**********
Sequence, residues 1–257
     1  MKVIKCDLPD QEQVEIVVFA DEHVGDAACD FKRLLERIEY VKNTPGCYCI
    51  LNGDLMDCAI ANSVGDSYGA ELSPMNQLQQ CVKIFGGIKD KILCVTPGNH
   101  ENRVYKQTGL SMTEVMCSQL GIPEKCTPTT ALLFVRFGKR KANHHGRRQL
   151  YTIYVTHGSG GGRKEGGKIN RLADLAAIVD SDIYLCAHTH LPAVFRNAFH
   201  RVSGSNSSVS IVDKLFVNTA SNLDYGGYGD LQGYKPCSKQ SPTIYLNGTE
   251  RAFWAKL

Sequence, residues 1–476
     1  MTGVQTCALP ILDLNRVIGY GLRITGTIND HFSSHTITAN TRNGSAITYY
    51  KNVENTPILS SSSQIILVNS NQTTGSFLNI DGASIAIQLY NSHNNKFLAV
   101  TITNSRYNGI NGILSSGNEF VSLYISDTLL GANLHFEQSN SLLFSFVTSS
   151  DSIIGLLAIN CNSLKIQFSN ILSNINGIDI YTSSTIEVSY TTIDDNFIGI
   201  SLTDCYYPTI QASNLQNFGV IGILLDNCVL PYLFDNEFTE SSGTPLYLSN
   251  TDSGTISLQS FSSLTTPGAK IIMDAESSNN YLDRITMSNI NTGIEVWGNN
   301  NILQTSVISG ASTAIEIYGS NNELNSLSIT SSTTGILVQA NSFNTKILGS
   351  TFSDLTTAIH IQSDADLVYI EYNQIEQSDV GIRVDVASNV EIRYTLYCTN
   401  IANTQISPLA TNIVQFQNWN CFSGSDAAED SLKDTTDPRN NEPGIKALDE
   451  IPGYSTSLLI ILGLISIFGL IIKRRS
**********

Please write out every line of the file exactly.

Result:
Sequence, residues 1–257
     1  MKVIKCDLPD QEQVEIVVFA DEHVGDAACD FKRLLERIEY VKNTPGCYCI
    51  LNGDLMDCAI ANSVGDSYGA ELSPMNQLQQ CVKIFGGIKD KILCVTPGNH
   101  ENRVYKQTGL SMTEVMCSQL GIPEKCTPTT ALLFVRFGKR KANHHGRRQL
   151  YTIYVTHGSG GGRKEGGKIN RLADLAAIVD SDIYLCAHTH LPAVFRNAFH
   201  RVSGSNSSVS IVDKLFVNTA SNLDYGGYGD LQGYKPCSKQ SPTIYLNGTE
   251  RAFWAKL

Sequence, residues 1–476
     1  MTGVQTCALP ILDLNRVIGY GLRITGTIND HFSSHTITAN TRNGSAITYY
    51  KNVENTPILS SSSQIILVNS NQTTGSFLNI DGASIAIQLY NSHNNKFLAV
   101  TITNSRYNGI NGILSSGNEF VSLYISDTLL GANLHFEQSN SLLFSFVTSS
   151  DSIIGLLAIN CNSLKIQFSN ILSNINGIDI YTSSTIEVSY TTIDDNFIGI
   201  SLTDCYYPTI QASNLQNFGV IGILLDNCVL PYLFDNEFTE SSGTPLYLSN
   251  TDSGTISLQS FSSLTTPGAK IIMDAESSNN YLDRITMSNI NTGIEVWGNN
   301  NILQTSVISG ASTAIEIYGS NNELNSLSIT SSTTGILVQA NSFNTKILGS
   351  TFSDLTTAIH IQSDADLVYI EYNQIEQSDV GIRVDVASNV EIRYTLYCTN
   401  IANTQISPLA TNIVQFQNWN CFSGSDAAED SLKDTTDPRN NEPGIKALDE
   451  IPGYSTSLLI ILGLISIFGL IIKRRS